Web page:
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After the SpringEconomic Transitions in the Arab World$
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Magdi Amin, Ragui Assaad, Nazar al-Baharna, Kemal Dervis, Raj M. Desai, Navtej S. Dhillon, Ahmed Galal, Hafez Ghanem, Carol Graham, and Daniel Kaufmann

Print publication date: 2012

Print ISBN-13: 9780199924929

Published to Oxford Scholarship Online: May 2012

DOI: 10.1093/acprof:oso/9780199924929.001.0001

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The Origins of the Arab Spring

The Origins of the Arab Spring

Chapter:
(p.31) Chapter 2 The Origins of the Arab Spring
Source:
After the Spring
Author(s):

Magdi Amin

Ragui Assaad

Nazar al-Baharna

Kemal Derviş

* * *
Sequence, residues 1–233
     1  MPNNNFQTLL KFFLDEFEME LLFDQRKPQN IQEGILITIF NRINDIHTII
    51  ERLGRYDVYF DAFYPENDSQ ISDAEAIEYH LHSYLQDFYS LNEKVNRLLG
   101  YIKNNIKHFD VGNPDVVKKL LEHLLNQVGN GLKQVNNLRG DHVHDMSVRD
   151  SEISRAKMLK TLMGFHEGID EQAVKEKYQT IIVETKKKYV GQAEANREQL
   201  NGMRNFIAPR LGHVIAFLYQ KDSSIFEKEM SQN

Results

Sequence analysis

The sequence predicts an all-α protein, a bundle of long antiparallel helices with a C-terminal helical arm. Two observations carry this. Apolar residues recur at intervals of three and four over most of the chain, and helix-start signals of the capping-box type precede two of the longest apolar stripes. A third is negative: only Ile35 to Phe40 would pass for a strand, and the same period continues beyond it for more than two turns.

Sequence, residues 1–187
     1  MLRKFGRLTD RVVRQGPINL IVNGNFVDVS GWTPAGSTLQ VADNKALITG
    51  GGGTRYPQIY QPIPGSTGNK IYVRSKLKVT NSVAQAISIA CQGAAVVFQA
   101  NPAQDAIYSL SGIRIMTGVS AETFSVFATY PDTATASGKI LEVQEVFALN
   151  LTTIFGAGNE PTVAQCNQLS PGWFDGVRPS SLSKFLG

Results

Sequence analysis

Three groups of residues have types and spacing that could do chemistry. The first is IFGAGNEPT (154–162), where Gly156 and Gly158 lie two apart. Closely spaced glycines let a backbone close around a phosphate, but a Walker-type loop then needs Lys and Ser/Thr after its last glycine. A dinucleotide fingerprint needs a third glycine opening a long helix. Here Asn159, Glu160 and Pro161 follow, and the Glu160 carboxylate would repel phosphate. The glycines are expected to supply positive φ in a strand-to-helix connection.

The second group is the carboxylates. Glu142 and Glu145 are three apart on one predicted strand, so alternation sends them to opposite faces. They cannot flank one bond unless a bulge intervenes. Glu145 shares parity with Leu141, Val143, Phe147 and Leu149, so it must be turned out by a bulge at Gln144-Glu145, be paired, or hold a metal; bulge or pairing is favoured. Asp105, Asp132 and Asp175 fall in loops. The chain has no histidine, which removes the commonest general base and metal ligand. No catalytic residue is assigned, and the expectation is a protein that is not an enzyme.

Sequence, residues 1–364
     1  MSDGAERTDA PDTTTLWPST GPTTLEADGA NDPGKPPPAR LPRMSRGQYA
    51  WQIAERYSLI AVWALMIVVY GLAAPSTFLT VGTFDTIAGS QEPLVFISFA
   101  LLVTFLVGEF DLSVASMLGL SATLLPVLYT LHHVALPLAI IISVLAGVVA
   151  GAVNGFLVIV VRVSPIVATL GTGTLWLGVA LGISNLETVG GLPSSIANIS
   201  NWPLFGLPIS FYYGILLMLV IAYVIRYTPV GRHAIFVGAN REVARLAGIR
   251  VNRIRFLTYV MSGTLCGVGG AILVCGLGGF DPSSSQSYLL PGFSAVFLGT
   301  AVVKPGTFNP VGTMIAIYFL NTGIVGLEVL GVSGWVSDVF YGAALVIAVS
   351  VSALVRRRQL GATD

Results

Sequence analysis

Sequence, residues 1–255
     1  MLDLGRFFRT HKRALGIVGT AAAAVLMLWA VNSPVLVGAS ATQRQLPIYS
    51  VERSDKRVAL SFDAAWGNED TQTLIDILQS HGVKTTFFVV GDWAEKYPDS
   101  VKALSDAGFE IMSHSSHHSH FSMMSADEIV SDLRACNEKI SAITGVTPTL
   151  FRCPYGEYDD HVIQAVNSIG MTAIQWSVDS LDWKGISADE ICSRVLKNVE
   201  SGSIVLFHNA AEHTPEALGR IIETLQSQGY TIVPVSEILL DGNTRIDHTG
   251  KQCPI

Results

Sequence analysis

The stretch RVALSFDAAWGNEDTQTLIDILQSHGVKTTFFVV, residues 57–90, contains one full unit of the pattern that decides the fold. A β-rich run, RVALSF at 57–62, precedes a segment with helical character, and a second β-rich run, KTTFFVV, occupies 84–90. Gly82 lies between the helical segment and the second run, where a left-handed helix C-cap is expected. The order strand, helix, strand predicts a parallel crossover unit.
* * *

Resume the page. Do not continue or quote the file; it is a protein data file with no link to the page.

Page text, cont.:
Raj M. Desai

Navtej S. Dhillon

Ahmed Galal

Hafez Ghanem

Carol Graham

Daniel Kaufmann

Homi Kharas

John Page

Djavad Salehi-Isfahani

Katherine Sierra

Tarik M. Yousef

Publisher:
Oxford University Press
DOI:10.1093/acprof:oso/9780199924929.003.0002

Arab states have traditionally secured the loyalty of their subjects through an authoritarian bargain by which government jobs and a generous welfare state were provided to Arab citizens in exchange for restrictions on political behavior. This social contract-under stress for the past two decades-began to erode prior to the Arab spring. For Arab youth, in particular, employment is scarce, and standards of living are declining or stagnant. In the end, decades of slow and piecemeal reforms could not prevent the eventual unraveling of the Arab social contract and the unmaking of the Arab polity. This chapter explores the proximate sources of the regime changes in the Arab world and explains how the legacies of Arab political development will shape the possibilities for economic reform.

Keywords:   arab spring, welfare state, social contract, authoritarian bargain, regime change, political development

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